Introducing Warrant Officer Gerry Mapstone OAM.

Gerry joined the RAAF 1966 and in 1967 became an Airfield Defence Guard and was posted to South Vietnam.

On arrival in Vietnam, having previously lead an Aussie life, Gerry was told that the weather was fine and there was only light to moderate ground fire.

He was given the opportunity to become an Iroquois Door Gunner with 9 Squadron.  His duties were to assist in medical evacuation, loading and unloading of stores and personnel and to protect, by the use of twin M60 machine guns, his side of the aircraft. He flew missions such as sniffer missions, psychological warfare, leaflet dropping, VlP missions, Command and Control, Special Air Service patrol insertions and extractions and generaI hash and trash.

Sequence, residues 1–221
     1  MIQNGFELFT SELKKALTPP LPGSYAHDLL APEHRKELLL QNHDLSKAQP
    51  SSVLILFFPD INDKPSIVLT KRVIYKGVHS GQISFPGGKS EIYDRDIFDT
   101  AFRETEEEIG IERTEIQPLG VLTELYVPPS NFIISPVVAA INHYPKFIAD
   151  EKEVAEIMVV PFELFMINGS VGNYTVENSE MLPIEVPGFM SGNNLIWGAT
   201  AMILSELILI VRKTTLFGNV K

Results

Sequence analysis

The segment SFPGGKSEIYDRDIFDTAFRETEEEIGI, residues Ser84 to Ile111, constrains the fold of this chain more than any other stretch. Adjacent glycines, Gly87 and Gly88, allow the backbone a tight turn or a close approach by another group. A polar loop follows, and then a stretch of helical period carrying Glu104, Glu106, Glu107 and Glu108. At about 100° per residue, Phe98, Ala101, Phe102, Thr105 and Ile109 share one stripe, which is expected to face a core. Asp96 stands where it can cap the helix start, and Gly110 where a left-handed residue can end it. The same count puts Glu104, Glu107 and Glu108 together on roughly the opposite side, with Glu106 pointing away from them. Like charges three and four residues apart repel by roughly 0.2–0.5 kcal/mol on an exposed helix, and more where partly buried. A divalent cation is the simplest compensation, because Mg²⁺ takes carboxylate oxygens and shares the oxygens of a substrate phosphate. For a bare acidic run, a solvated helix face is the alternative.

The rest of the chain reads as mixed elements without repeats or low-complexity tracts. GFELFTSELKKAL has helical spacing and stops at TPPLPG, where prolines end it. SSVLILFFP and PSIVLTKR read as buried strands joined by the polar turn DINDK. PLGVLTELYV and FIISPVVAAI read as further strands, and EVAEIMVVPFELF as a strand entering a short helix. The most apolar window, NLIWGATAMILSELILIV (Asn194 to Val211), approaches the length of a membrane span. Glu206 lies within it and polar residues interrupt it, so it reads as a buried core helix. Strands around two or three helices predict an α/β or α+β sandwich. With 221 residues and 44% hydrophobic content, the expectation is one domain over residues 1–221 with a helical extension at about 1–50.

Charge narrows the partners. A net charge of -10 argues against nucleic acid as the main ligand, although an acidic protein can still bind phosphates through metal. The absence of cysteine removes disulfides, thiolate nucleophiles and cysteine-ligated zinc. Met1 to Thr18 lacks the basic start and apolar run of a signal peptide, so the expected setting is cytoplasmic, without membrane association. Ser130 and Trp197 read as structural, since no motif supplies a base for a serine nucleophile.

The highlights of that time were flying in support of the Tet Offensive near Saigon and the battles of Fire Support Bases Coral and Balmoral. 

Gerry particularly enjoyed dustoffs as he felt that 9 Squadron did some great work retrieving soldiers and civilians from the battlefield and taking them to safety and to hospitals.

In early 1973, he again joined 9 Squadron who had returned from Vietnam.  9 Squadron were known as the nomadic ninth as they shifted from one place to another.  Main tasking was Army operations, Search and Rescue, and Survey operations from Sumatra to lrian Jaya.  Gerry also flew in Papua New Guinea with the Pacific lsland Regiment. 

Gerry flew in weather from the tropics to the snow.

ln 1974, he was involved in flood rescues all around lpswich, Brisbane and the areas up to Toowoomba.  The rescues consisted of rooftop rescues, ferrying people and goods to and from areas which were inundated and “flying past our families who were trapped by floodwaters in the married quarters”.

Operations were often dangerous but it was satisfying work.  “We lost a pilot in a crash in lrian jaya in the seventies”.

I was twice posted to United Nations Emergency Force in Sinai Egypt.  

These are snippets to the life of a helicopter crewman.  Listen to Gerry for his accounts of a dangerous but thrilling life.